Every iPhone 6 they make is spoken for, all the millions and millions of them. If I were Tim Cook, I’d fly myself to China and just stare at the Foxconn assembly line with an evil grin on my face. From September 12th till sometime in January next year, Apple is in control of it’s own destiny – not the economy, not retailers, not Ebola, not even war in the Middle East. Apple’s future is entirely dependent on how fast they can make iPhones.

Apple’s Near Future

Once things die down with the iPhone 6, Apple can focus on some products that have been  delayed due to iPhone 6 demand: the iWatch, the iPad Pro, and the new Apple TV.

I’d like to focus on the Apple TV in light of the advances Apple’s competition has made in the last two years. Amazon has long since debuted it’s Fire TV, and Google has recently announced it’s Nexus Player. Meanwhile, Nintendo struggles to sell Wii Us – more on Nintendo in a little bit.

Google's Nexus Player

Google’s Nexus Player

 

The Apple Gaming Console

Introduction

The current major consoles are the Xbox One ($399), Playstation 4 ($399), and the Nintendo Wii U ($299).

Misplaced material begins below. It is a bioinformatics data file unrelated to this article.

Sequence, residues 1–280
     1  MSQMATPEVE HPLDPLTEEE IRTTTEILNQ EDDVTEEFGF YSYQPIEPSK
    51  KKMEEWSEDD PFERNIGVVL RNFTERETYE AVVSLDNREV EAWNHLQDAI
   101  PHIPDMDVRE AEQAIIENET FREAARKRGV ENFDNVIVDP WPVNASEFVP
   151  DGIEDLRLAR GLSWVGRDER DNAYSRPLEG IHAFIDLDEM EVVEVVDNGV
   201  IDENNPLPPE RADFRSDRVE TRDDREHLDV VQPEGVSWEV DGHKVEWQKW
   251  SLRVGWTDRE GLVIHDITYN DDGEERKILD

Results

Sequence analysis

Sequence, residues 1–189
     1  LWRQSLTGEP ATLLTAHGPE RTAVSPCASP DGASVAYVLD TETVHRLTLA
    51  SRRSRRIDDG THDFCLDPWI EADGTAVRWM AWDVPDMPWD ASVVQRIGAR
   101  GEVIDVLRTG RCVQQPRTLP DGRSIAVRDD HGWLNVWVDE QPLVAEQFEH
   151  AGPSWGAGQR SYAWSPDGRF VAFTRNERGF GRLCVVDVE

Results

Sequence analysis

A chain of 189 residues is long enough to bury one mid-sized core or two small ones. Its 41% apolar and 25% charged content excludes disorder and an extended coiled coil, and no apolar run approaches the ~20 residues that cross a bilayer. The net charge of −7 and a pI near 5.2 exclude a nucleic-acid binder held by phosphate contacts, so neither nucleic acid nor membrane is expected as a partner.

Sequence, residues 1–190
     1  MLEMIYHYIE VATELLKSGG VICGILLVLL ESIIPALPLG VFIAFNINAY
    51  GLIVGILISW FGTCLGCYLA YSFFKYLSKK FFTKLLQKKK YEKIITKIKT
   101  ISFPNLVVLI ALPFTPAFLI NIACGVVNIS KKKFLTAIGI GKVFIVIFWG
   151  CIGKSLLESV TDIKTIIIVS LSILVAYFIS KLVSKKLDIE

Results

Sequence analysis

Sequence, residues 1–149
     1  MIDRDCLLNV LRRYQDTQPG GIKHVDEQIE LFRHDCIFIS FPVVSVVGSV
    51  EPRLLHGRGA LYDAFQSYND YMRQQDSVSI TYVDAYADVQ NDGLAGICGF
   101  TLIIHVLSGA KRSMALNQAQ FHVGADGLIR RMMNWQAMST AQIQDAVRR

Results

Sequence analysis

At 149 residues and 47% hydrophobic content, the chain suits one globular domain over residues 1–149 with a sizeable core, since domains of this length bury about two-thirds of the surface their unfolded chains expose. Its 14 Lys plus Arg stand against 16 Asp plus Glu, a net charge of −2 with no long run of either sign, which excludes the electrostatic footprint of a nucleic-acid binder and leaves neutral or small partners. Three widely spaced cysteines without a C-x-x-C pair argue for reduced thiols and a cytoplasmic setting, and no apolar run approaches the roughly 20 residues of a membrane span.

Initially, I think Apple could get away with making a $199 console, to compete directly with the Wii U, while not venturing too far out of the digital media player price range.

A couple years down the road once they’ve got an established gaming library and some exclusive titles, they could up the price and specs to the $399 level and start to compete directly with Microsoft and Sony. Even if they keep the price at $199, that’s all it will take to make Apple’s console the most profitable gaming console ever.

Does any of this sound outlandish to you? Well, read on and I’ll rock your world.

Apple is the 2nd biggest company in the world, recently de-throned by Exxon Mobil. On top of that, with $160 Billion in reserves, Apple has at least twice as much cash as the US Government (depending on your definition of “cash”). Back in 2010 when I made some predictions about what Apple would do with their vast cash reserves, they only had about $40 Billion in reserves.